by Mircea Eliade Princeton University Press, 2009 Review by Minna Forsell on Aug 31st 2010
Suffering and emancipation from suffering -- the central problem of Buddhism, and the central problem of clinical psychology. In Yoga: Immortality and Freedom, Mircea Eliade, the Romanian historian of religion, philosopher and writer, takes us on a journey through the discipline of yoga, the history, the doctrines, the techniques. For a Westerner, this exhaustive survey, written in the 1950's, is more than an introduction to the theory and practice of yoga, it is a more than 400 pages long erudite exploration.
When I studied to become a psychologist, I found it curious that the study of religion was not part of the curriculum. Surely this dimension of human life is worth the attention of an aspiring psychologist? Religious experience is such a potentially powerful part of human existence that is should undoubtedly be included in the field of psychology. As I see it, it is essential for clinical psychologists to be at least acquainted with the impact of faith and religious phenomena on people's mental attitudes and sense of meaning, since the impact of beliefs and spiritual outlook, whatever they may be, is essential to life.
Yoga has become increasingly popular in the West, and Buddhist exercises have recently flooded the healthcare industry. When trying to get a grasp of the context of these mental and physical techniques, how they relate to philosophy and history, what the etymological connections are, how the ultimate goal of existence is understood, Yoga: Immortality and Freedom is an excellent companion. It tells a tale of the yearning for liberation, inner discipline, the importance of memory, and experiments on the mind through the body. Except for the big picture, Yoga: Immortality and Freedom provides the reader with knowledge on other levels too. I personally am very fond of the kind of books where anecdotes and thought-provoking, even poetic, phrases abound. This is one of those books.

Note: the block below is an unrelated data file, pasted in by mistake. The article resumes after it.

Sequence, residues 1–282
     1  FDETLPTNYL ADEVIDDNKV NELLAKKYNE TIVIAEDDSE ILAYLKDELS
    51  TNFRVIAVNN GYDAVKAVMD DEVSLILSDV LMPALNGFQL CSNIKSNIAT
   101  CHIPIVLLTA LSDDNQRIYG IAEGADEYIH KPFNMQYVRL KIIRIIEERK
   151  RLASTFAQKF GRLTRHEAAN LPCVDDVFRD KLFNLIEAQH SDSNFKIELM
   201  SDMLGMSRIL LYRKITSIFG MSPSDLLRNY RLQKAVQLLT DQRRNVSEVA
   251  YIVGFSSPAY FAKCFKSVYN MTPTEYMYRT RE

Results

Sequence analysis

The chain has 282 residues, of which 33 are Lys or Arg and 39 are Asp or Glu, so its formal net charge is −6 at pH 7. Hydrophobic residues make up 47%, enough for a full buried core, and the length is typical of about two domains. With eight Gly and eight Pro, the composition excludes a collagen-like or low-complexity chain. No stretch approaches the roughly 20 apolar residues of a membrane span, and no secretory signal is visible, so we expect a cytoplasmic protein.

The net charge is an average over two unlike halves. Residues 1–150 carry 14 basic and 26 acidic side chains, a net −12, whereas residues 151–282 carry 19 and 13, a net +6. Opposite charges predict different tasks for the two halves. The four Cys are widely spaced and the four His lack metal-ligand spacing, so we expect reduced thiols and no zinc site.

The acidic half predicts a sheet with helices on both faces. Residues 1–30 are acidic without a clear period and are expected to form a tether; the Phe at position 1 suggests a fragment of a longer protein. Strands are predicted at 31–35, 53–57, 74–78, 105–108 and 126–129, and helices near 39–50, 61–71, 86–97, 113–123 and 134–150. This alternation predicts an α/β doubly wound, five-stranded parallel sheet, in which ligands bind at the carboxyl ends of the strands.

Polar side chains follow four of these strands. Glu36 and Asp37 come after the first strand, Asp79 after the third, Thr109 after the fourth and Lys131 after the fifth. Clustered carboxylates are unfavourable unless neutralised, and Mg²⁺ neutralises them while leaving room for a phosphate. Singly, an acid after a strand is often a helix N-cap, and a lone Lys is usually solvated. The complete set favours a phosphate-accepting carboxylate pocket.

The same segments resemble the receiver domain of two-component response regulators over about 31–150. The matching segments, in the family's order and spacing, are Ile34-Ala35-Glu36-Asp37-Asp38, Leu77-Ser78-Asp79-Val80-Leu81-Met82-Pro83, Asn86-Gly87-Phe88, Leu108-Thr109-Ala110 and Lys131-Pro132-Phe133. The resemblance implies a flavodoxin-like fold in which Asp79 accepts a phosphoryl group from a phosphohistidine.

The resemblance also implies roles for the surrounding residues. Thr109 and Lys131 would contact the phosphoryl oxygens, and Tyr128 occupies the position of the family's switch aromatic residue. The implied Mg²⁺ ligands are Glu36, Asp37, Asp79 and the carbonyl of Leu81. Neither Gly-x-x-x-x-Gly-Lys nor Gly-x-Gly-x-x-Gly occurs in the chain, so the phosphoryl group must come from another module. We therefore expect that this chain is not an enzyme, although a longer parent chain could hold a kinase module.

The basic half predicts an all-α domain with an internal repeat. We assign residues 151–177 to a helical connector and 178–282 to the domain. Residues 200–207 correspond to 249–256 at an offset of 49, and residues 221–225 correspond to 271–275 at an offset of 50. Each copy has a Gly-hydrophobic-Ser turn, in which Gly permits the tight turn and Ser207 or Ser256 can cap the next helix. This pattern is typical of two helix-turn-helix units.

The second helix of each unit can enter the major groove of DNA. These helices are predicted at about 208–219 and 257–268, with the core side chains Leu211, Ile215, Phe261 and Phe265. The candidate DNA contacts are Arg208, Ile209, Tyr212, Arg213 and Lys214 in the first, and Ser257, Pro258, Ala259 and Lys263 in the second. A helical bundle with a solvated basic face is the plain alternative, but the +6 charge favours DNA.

I find gems on so many pages of this book, statements concerning the understanding of notions such as knowledge, freedom, time and action. It is not always easy to follow Eliade's passionate text, so a good deal of concentration is required when reading. The book is, however, a great resource for anyone, especially clinicians, interested in the relationship between body and mind, yogic practices and Indian philosophy. How can rejection of life enhance life? What is liberation, and how can 'freedom' be understood? Why is there human suffering, and how is emancipation from it possible? What is the price of normality?
This is not a book that will sweep you off your feet, seduce you and awaken you to a new world, but it will whet the appetite of your intellect. It also offers the reader so much more insight into the tenets of yoga than the multitude of self-help books on meditation and how-to-do-yoga will ever give. In Yoga: Immortality and Freedom, Eliade analyzes in detail a religion and tradition that for years was his lifestyle. Get ready for some massive reading.